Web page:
New Jersey Parole Officer Jorge Ortega was arrested Friday on theft by deception charges. According to prosecutors Ortega, 41, changed the labels on high value items at a Target store on Tonnelle Avenue in North Bergen several times between July and October of this year. He would then proceed to the checkout stand with the high value items. When cashiers scanned the items they charged Ortega lower prices because the price tags on them were for different cheaper items.
We are not sure how Ortega was caught or if he had any accomplices. Our best guess is that someone noticed a discrepancy after he left the store one day, alerted security, reviewed footage, and noticed a man fitting his description purchasing a low value item that was never sold around the time that a high value item went missing. They probably called the cops and watched him like a hawk every time he entered the store. Then they probably caught him on camera switching a label, taking the high value item to the cashier, and being billed for a cheaper item. Again, we don't know how he was caught but when the truth comes out we think it will probably be as we just guessed.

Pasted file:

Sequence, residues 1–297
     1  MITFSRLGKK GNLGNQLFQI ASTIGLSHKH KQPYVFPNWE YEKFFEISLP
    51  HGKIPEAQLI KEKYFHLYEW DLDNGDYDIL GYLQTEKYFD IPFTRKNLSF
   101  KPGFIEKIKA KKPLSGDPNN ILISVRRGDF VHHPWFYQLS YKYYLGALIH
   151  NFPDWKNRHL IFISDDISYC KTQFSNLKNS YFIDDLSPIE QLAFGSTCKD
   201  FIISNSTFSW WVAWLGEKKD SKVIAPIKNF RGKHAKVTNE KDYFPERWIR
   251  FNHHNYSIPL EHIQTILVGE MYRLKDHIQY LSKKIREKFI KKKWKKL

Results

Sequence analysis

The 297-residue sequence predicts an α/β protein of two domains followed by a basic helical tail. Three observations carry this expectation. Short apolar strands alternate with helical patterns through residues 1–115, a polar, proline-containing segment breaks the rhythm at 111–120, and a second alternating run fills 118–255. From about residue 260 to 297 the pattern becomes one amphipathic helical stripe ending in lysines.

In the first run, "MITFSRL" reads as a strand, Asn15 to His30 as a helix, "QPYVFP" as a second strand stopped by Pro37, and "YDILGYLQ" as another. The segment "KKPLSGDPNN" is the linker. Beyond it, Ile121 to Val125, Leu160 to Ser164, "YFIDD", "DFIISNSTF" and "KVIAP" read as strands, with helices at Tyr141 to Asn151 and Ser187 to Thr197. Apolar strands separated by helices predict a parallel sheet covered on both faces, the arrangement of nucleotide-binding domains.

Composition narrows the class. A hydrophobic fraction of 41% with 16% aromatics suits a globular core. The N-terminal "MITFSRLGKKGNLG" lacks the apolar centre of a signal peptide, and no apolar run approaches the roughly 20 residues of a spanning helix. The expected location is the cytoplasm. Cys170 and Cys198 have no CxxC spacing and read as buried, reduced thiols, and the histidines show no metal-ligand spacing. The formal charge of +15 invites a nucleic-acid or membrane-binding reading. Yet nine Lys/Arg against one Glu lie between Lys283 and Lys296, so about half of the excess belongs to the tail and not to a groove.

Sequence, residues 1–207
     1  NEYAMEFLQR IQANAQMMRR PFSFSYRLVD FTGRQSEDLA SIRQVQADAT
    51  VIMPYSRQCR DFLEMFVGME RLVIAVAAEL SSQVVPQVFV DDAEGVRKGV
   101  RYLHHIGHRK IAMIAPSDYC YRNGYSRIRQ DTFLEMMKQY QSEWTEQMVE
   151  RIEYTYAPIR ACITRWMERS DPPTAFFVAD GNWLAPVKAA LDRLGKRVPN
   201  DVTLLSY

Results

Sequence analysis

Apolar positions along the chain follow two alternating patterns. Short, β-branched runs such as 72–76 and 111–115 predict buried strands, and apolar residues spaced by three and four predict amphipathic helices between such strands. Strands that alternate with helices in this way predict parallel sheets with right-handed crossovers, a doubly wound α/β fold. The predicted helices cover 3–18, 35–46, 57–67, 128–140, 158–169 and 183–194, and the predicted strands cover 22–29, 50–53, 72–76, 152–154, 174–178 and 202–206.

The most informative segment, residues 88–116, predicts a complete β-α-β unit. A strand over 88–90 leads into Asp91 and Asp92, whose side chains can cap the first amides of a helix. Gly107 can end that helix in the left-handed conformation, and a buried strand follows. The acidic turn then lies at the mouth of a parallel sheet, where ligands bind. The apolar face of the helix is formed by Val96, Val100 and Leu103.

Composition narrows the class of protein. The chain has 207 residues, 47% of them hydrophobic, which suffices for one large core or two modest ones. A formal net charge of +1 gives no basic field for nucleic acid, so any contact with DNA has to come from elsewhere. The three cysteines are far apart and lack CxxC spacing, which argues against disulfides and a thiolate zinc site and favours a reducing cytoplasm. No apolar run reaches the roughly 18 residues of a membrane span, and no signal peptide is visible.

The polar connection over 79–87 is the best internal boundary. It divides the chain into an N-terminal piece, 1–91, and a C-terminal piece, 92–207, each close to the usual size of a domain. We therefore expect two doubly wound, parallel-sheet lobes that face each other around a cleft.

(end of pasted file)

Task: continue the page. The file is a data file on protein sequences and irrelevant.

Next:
We are not sure why Ortega chose to engage in "ticket switch fraud" while gainfully employed as a parole officer by the state of New Jersey. Maybe he had more in common with his clients than a mutual disrespect for the law. We think he probably supervised someone that went to prison for switching labels and realized how easy it would be for him to do the same thing. That or maybe he overheard someone that works in loss prevention talk about having trouble busting label switchers. Maybe it was something darker. Was Ortega in bed with his clients? Were these clients mobsters, drug dealers, and prostitutes? They probably were. It wouldn't surprise us if he owed money to such people and resorted to retail theft to pay off those debts.
Are we stretching things by suggesting that this busted criminal parole officer may have been dirtier than his recent arrest proves? We don't think so because he is human. As long as man's laws are enforced by man we will never see such a thing as a trustworthy law enforcement officer. All humans are subject to the same temptations and desires. Some don't find out that they lack the willpower to resist those temptations until they are in a position of authority and by that time they care more about maintaining their status than they do for society. That is because nobody really cares more about others than they do about themselves and anyone that claims not to is a liar. Everyone is a sinner, some are just better at hiding their sins. People that work in law enforcement are just as flawed as everyone else.
This case is being prosecuted by Esther Suarez of the Hudson County Prosecutors Office.